A worker sprays disinfectant at a department store in Seoul, South Korea on March 2. Chung Sung-Jun/Getty Images

South Korea has reported another 476 cases of the novel coronavirus, raising the national total to 4,212, the South Korean Center for Disease Control and Prevention (KCDC) said today.

The death toll in the country now stands at 22.

Among the additional cases, 377 are from the southern city Daegu, and 68 are from North Gyeongsang province surrounding Daegu.

Daegu city accounts for 73% of all cases nationwide. When combined, North Gyeongsang and Daegu make up 88% of all cases.

The youngest confirmed patient is a 45-day-old baby, the KCDC said on Sunday.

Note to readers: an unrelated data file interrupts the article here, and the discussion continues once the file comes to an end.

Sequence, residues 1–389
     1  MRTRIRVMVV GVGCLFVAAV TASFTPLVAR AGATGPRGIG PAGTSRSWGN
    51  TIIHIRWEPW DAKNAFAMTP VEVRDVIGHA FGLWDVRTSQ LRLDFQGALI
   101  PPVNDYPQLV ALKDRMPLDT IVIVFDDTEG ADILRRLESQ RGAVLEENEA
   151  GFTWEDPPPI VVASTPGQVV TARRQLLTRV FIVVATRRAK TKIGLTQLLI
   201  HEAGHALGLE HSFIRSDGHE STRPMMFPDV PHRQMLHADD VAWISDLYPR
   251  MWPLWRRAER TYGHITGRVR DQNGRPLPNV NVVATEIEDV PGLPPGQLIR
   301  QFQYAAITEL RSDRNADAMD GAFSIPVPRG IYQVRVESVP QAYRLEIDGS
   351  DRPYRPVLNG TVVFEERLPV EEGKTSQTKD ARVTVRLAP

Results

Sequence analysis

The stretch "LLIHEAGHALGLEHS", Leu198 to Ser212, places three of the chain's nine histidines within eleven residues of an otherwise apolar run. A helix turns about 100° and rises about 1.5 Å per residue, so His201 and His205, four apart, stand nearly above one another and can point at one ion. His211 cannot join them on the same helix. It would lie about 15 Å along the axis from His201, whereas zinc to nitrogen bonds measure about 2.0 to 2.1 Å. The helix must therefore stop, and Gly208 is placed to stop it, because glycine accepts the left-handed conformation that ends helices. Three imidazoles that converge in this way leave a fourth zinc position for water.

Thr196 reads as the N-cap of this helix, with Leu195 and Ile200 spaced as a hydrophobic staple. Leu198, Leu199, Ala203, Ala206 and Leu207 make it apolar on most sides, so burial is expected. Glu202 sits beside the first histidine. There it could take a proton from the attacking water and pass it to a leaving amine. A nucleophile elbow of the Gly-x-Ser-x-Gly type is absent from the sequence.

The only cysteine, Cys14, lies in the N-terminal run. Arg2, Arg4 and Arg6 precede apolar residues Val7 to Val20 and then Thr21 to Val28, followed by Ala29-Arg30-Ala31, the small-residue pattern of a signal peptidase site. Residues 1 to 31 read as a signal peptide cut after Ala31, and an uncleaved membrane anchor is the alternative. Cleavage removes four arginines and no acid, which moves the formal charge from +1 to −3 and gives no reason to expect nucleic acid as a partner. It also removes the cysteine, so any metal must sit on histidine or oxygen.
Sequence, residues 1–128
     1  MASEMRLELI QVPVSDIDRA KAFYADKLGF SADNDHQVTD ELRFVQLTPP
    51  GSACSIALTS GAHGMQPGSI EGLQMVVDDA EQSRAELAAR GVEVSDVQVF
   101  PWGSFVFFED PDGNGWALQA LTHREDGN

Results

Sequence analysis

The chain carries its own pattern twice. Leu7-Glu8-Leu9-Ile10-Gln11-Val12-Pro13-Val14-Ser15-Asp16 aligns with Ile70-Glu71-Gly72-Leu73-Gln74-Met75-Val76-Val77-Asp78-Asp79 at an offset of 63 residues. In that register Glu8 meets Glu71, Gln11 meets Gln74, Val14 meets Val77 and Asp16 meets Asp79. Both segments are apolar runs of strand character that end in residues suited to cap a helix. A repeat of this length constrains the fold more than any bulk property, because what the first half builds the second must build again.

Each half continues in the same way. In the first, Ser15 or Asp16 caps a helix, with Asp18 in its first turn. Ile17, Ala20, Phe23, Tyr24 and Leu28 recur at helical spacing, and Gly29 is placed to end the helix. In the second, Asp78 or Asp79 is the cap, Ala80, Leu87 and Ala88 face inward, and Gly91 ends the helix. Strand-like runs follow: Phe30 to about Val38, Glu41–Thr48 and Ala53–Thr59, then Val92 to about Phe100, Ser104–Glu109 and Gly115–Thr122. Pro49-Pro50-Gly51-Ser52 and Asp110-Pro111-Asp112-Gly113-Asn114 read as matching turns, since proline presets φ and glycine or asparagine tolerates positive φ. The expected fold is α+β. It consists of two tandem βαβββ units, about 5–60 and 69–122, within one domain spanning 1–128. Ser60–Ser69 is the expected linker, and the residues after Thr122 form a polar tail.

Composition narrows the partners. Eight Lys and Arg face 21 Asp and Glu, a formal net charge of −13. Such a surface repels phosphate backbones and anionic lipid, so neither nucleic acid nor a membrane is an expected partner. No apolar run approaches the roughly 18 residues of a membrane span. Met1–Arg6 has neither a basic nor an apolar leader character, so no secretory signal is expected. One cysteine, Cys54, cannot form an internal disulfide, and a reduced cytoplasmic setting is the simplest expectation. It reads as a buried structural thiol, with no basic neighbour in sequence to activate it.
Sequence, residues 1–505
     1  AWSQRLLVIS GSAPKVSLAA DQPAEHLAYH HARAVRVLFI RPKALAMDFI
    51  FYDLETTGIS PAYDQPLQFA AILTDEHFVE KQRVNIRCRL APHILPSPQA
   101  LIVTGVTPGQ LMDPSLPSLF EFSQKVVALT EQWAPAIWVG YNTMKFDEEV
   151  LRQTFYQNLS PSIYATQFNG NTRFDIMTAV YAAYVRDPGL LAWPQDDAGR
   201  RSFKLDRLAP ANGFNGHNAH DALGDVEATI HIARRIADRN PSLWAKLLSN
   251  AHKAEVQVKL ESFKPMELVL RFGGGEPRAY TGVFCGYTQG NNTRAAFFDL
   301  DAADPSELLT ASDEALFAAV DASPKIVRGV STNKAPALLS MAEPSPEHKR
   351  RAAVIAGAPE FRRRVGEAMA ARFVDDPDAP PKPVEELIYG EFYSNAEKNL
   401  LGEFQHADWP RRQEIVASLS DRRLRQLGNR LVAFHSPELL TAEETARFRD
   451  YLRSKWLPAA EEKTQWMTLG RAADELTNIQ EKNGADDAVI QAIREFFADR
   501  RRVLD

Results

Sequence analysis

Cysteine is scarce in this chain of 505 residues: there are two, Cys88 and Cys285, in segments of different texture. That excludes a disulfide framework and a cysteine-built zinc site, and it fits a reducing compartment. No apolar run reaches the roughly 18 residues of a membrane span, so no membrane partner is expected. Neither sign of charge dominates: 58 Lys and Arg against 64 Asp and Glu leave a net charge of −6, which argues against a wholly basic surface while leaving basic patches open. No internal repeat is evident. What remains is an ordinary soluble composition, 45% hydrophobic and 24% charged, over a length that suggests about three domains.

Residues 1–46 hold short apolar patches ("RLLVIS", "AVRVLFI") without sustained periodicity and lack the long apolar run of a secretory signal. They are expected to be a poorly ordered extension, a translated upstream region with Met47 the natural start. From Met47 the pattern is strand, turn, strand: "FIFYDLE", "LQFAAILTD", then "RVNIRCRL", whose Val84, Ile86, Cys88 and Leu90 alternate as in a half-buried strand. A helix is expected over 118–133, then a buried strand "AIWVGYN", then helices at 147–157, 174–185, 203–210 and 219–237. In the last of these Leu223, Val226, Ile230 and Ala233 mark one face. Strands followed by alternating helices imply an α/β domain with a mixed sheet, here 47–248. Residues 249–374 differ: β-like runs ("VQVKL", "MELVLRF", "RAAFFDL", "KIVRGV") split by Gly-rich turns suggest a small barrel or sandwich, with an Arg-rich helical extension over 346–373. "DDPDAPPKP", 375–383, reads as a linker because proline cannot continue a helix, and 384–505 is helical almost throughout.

More than half of the cases in the country are linked to a branch of the Shincheonji religious group in Daegu.

11:27 p.m. ET, March 1, 2020

89 coronavirus patients have been identified in the United States

From CNN's Hollie Silverman

A total of 89 cases of the novel coronavirus have been reported in the United States, as of Sunday night Eastern time. Two have been killed by the virus, both in Washington state.

Here's the breakdown:

  • 44 passengers repatriated from the Diamond Princess cruise ship in Japan.
  • 3 repatriated from Wuhan, China, the epicenter of the outbreak.
  • 42 who were detected and tested on US soil:
  • 19 travel-related
  • 19 person-to-person
  • 4 undetermined (1 in Illinois, 1 in California and 2 in Washington)

Here's a state-by-state breakdown of the cases identified within the US:

  • California: 16
  • Washington: 13, including 2 deaths
  • Illinois: 3
  • Florida: 2
  • Oregon: 2
  • Rhode Island: 2
  • Arizona: 1
  • Massachusetts: 1
  • New York: 1
  • Wisconsin: 1 

Read more about the US cases here.